It may be cold outside, but encouraging bees and other pollinators is an all-year-round task, so get planning now for spring, summer and beyond.
We’ve all got the message now that we need to look after the bees. Along with other pollinators (even those dreaded picnic assassins the wasps!) they are the key to helping us save our wild habitats. And of course they can also help our own gardens thrive.
Pollinators enable flowers to reproduce – and if you grow fruit and veg you won’t see much of a harvest without some garden-friendly bugs helping with the pollination process!
Here’s five ways to make your garden a palace for pollinators:
1. Extend the flowering season
Make sure you have flowers that bloom from early spring right the way through to late autumn/winter, to give pollinators a longer feeding season. Ask at your local garden centre for ideas for early spring and late autumn and beyond.
2. Choose different-shaped flowers
According to our friends at the Herts and Middlesex Wildlife Trust, buff-tailed bumblebees and white-tailed bumblebees prefer short, open flowers – like those on white clover and comfrey. Delphiniums and honeysuckle, with their long, tube-like blooms, appeal to the garden bumblebee, which has a long tongue. And because the red-tailed bumblebee is quite large, it likes to have a landing platform – like that provided by daisy flowers.
3. Plant wildflowers
Native plants will provide what the bees know best. And if you choose the kinds of plants that grow in the countryside around you, your soil should be the perfect growing medium. There are lots of wonderful plants to choose from including the common foxglove (Digitalis purpurea), stinking hellebore (Helleborus foetidus), which only smells if crushed, and has the most charming upside-down, cupshaped green blooms with red edges. Clematis vitalba (old man’s beard) and red and white campions (Silene) are more great choices. Check out the RHS website’s Plants for Pollinators section for more inspiration. You can also buy plenty of wildflower seeds and ‘bee bombs’ designed to create a wildflower explosion over a season.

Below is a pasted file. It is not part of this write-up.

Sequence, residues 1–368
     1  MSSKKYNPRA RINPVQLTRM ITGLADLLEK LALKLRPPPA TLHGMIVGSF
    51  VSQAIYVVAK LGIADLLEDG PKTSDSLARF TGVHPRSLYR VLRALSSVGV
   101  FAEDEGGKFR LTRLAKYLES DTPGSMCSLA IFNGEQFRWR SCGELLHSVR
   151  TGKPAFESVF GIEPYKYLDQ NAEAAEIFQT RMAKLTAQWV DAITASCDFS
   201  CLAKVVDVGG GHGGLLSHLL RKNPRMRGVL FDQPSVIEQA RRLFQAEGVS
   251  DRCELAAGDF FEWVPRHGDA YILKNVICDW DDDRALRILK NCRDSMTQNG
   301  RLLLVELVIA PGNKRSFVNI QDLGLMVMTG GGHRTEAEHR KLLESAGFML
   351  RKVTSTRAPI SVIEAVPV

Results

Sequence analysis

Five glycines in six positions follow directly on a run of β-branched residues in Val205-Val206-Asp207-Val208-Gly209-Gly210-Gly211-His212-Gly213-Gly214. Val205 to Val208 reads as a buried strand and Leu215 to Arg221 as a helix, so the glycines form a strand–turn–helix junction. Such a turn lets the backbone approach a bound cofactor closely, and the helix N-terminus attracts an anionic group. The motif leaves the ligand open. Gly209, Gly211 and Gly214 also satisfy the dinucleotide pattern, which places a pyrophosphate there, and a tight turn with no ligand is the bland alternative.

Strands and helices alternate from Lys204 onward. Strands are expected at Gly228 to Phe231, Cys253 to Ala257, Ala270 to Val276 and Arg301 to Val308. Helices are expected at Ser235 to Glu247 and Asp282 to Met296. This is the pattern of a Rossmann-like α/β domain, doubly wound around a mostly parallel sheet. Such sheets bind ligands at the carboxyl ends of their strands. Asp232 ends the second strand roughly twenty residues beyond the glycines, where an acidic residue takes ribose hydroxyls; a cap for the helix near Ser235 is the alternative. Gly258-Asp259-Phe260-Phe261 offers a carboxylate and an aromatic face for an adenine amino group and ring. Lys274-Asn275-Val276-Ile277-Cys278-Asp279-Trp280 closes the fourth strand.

4. Avoid flowers with double or multiple rows of petals
While more fancy flowers such as hybrid tea roses and pompom dahlias may look good, because they are filled with petals, pollinators find them harder to access. These cultivated plants also tend to lack both nectar and pollen.
5. Provide nesting sites for bees and other bugs
There are plenty of ready-made bee and bug hotels to be found in garden centres, local markets and shops. Or you can save some cash by simply piling some logs and twigs together to make an attractive home. If you want to have a go at making your own bee hotel, you’ll find instructions at www.livingmags.info/features/save-the-bees.
These lovely trees provide food for two types of mining bees – solitary bees that ‘mine’ into the earth to create their nests – Clarke’s mining bee and the Chocolate mining bee.
Anyone who has ever passed a hedge of lavender positively humming with bees and hoverflies on a summer’s day, knows that this is a great plant to add to the garden.
If you’re looking for something to provide secure hedging, the white hawthorn with its thorny branches, is ideal. While intruders hate it, the bees love it when the May blossom appears. It encourages the likes of the red mason bee and the tawny mining bee.
Also called the bee bush, so the clue is in the name. This evergreen shrub has dainty white flowers and a heady scent that will bring all the bees to your yard! A great addition to your autumn pollinator-friendly patch.
A wonderful winter plant that brings scent at a time of year when there’s little to be had. Its yellow flowers also provide food for bees that are overwintering.